Richard Austen Butler, Baron Butler of Saffron Walden (1902-1982)
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Richard Austen Butler, Baron Butler of Saffron Walden (1902-1982)

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I think the Prime Minister has to be a butcher, and know the joints. That is perhaps where I have been not quite competent - in knowing the ways that you cut up a carcass.
R A. Butler in an interview on BBC Television, printed in The Listener, 1966.

Additional Information on
Richard Austen Butler, Baron Butler of Saffron Walden (1902-1982)

Richard Austen Butler, or 'Rab' for short, was elected to Parliament as the Conservative representative for Saffron Walden in 1929. He was a highly competent parliamentarian, and moved quickly through the offices of state. In the 1930's he became Foreign Secretary and his ministries governed India, and other foreign affairs. He also held the positions of Chancellor of the Exchequer, Home Secretary, and was considered for the premiership on a number of occasions but never attained the office.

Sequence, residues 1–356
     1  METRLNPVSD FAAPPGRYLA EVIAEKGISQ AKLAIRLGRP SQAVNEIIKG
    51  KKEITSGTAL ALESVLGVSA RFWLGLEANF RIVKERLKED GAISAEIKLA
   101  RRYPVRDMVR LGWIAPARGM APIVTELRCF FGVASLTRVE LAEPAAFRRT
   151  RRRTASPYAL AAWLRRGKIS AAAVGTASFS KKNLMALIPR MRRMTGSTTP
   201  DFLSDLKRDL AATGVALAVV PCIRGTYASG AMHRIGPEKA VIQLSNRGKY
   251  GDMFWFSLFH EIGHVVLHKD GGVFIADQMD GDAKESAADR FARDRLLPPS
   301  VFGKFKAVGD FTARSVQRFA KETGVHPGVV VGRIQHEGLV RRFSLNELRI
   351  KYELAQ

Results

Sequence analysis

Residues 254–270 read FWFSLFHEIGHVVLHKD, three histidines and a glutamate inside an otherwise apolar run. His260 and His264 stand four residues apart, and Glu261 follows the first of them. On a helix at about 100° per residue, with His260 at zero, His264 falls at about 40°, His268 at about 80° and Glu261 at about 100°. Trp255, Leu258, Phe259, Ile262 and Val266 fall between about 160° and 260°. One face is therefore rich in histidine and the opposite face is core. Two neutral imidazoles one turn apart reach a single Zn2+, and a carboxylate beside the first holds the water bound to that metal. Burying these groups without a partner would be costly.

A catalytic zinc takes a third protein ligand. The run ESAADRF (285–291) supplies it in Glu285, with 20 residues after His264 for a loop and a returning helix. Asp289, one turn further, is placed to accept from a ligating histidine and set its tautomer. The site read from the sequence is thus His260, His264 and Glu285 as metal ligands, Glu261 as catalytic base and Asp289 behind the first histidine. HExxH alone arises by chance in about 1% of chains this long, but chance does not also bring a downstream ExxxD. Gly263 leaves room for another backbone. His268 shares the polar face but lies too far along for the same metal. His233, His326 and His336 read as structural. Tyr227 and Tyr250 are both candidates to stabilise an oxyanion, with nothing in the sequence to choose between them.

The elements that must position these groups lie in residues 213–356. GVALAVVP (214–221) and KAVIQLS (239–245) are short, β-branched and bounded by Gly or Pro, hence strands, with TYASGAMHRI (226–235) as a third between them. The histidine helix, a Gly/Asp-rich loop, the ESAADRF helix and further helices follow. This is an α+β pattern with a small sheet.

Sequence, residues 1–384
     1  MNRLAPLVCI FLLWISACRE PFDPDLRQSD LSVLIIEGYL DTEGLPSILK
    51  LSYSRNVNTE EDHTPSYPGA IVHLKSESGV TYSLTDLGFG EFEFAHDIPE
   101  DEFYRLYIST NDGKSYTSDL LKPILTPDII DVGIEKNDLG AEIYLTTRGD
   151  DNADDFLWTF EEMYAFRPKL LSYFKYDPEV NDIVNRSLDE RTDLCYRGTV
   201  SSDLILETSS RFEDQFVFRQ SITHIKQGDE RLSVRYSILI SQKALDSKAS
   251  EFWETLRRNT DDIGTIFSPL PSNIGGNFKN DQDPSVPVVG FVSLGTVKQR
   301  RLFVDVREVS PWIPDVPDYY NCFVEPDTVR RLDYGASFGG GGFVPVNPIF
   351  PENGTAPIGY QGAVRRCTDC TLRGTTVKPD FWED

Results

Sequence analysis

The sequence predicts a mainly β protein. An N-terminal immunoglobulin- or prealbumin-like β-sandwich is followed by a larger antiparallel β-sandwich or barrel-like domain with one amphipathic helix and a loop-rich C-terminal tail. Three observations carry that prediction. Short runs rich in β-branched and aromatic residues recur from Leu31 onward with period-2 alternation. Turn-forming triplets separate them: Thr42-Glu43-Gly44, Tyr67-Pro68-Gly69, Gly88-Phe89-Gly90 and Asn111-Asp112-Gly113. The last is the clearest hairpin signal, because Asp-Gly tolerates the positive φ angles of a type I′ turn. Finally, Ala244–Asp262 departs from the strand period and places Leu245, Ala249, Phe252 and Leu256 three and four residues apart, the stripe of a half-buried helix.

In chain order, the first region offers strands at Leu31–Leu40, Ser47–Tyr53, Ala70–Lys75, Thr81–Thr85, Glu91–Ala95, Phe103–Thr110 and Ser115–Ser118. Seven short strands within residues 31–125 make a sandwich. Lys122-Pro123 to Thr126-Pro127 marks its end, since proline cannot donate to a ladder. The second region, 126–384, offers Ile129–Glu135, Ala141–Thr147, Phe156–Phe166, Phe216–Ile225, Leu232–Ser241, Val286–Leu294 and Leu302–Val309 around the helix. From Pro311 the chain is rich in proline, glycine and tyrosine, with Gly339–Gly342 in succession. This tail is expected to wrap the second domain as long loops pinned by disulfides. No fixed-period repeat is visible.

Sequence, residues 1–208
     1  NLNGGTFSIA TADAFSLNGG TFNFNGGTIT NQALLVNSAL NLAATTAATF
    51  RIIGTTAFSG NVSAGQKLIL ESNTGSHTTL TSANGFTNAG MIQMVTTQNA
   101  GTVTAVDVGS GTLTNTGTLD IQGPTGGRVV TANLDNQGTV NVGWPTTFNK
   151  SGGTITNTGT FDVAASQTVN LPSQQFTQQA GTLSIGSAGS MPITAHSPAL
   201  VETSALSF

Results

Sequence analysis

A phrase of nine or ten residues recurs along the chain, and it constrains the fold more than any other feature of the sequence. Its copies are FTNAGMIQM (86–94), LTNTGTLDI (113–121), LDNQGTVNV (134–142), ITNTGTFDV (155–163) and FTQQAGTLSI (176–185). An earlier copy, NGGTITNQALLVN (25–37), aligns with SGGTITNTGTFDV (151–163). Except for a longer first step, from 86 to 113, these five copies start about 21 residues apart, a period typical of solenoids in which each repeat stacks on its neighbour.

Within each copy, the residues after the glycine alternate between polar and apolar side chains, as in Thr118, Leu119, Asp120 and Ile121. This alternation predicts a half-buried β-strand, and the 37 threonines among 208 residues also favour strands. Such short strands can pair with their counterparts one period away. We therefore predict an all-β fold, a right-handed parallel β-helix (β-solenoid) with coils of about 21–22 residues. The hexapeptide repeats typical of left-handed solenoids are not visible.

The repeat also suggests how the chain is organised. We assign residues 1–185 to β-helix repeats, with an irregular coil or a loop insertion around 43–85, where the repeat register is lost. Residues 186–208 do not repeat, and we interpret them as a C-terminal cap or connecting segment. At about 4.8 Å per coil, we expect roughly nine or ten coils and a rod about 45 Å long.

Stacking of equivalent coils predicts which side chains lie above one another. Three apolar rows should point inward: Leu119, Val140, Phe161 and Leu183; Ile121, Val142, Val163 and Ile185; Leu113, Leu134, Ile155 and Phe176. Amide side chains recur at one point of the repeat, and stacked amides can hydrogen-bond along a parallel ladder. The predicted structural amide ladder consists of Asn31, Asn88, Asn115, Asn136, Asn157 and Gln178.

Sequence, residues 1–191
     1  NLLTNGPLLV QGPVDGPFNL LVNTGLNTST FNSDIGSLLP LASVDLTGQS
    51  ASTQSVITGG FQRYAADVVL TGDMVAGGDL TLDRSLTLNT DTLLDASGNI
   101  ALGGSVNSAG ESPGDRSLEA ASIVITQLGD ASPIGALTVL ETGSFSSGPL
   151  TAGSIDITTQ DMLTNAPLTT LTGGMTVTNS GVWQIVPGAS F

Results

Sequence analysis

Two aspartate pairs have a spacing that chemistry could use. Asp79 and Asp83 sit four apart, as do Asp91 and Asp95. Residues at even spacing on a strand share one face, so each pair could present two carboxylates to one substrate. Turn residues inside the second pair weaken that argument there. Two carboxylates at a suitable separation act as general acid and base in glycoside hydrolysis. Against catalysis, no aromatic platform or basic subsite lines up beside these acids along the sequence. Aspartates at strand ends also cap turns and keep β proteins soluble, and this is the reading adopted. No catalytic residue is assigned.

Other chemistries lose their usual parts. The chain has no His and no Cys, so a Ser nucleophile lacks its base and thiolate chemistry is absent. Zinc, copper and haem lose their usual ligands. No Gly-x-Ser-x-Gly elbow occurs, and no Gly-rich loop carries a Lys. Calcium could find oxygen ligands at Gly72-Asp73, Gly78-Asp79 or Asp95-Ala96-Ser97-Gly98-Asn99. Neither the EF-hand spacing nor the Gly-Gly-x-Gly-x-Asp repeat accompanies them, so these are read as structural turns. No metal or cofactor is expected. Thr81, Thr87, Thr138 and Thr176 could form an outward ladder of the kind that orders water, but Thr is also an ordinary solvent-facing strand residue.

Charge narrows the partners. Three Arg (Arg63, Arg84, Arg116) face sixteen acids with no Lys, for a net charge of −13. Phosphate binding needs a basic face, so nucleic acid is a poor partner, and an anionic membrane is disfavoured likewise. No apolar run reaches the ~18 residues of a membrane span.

In 1940 he assumed a position in the Foreign Office under Winston Churchill, and was later transferred to the domestic sector as President of the Board of Education. In this position he developed the Education Act of 1944, and was instrumental in the setting up of an international educational body later to become UNESCO. In 1951 Butler became Chancellor of the Exchequer and four years later, Lord Privy Seal under Prime Minister Anthony Eden. After Eden's resignation following the Suez crisis in 1956, Butler was considered for the premiership but lost to Harold Macmillan. Butler was leader of the House of Commons between 1955 and 1961, and then was made Foreign Secretary again. In 1965 he was created Baron Butler of Saffron Walden, and in 1971 was made a Knight of the Garter.


If you're not made Pope in the Roman Catholic Church, you can still be a perfectly good Cardinal Archbishop of Milan.
- Remark on failing to become Prime Minister, BBC Television 1963. Advanced Category Search

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